A climate of renewed hope and optimism provides Canada with an important opportunity to close the book on its greatest failure. With decades of research and evidence to guide us, we must now muster the resolve to end child and family poverty for good.
Campaign 2000 has consistently stated that child poverty is not inevitable, but that it is a result of choices. Federal politicians pledged to end child poverty in 1989, 2009 and 2015; but it continues to deprive over 1.34 million children of their only childhood. Choosing to allow child poverty to continue forces children to endure hunger, deprivation and exclusion, and compromises their health and life chances. Choosing to reduce Canada’s fiscal capacity rather than to invest in social programs exacerbates inequality. Choosing to cast away almost 1 in 5 children to poverty deprives Canada of the richness of their full contributions.
Campaign 2000 recognizes the significant poverty reduction potential of the commitments from the new federal government. The government’s planned leadership role in creating a national poverty reduction strategy, long a top priority for Campaign 2000, presents a once in a generation opportunity: children left waiting by the 1989 promise to end child poverty by the year 2000 never saw a plan to eliminate child poverty materialize. Therefore, we implore the government to demonstrate its political will by including poverty reduction targets and timelines in its strategy.
This report draws upon research, evidence and the voices of people in poverty in its recommendations in order to maximize the child and family poverty reduction potential of the government’s commitments to date. Eradicating child poverty requires persistent targeted investments, sound research and a commitment to equity to ensure children have equal opportunities to realize equal futures.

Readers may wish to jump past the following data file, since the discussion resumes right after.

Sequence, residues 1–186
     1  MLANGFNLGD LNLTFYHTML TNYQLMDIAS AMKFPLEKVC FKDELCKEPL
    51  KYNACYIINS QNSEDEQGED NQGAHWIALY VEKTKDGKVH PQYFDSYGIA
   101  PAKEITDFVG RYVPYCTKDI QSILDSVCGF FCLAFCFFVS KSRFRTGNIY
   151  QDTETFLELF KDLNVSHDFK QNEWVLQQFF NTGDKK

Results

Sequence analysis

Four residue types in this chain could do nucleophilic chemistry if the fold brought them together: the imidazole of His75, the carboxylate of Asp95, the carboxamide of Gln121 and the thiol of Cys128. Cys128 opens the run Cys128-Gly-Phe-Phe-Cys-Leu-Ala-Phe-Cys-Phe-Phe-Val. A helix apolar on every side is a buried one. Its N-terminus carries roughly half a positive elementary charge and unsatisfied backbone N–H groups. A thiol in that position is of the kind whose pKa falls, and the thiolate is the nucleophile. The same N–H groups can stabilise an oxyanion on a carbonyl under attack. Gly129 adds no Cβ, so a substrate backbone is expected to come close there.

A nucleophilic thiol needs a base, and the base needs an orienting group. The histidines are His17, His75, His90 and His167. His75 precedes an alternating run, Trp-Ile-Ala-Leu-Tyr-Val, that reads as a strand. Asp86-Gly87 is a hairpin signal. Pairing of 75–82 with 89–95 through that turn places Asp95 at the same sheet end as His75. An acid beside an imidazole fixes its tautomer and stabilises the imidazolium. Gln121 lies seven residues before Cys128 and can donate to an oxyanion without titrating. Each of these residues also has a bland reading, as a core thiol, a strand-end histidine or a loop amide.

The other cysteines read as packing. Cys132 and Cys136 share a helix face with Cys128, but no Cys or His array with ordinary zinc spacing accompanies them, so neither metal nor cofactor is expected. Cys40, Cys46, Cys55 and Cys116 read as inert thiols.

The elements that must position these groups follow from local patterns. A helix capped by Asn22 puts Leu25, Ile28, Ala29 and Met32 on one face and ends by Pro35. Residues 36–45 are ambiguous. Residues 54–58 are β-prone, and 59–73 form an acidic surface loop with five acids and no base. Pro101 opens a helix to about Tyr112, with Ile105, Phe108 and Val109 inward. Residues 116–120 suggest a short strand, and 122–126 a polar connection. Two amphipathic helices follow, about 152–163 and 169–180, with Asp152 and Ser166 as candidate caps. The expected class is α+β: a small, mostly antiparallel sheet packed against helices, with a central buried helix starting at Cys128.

After decades of waiting, we have the opportunity to eradicate child and family poverty in Canada – let’s do this right.
Key findings from the 2015 National Report Card:
- Child poverty has increased since 1989: from 15.8% to 19% today; 40% of Indigenous children live in poverty.
- 37% of children in poverty reside in households with full time, full year employment.
- Canada needs a good jobs strategy and decent wages: over 2 million workers stuck in temporary employment.
- Canada still needs a national childcare program. There are only enough regulated child care spaces to cover 25% of children aged 0 – 12 years.
- Poverty affects people differently: Children in racialized, recent immigrant and Indigenous families as well as children with disabilities are at greater risk of living in poverty, leading to persistent social and economic inequality.
- 1 million children experience food insecurity, lacking reliable access to adequate, safe, good-quality, nutritious food.
- Government transfers prevent poverty: 705,000 additional children would live in poverty without transfers. However, Canada’s system of transfers is not as effective as those of other OECD nations.
- One in seven of those in homelessness shelters are children. Living in inadequate, crowded and unaffordable housing is associated with higher vulnerability to asthma and injury, an accelerated spread of communicable diseases, anxiety and insomnia, less physical exercise and diminished school performance.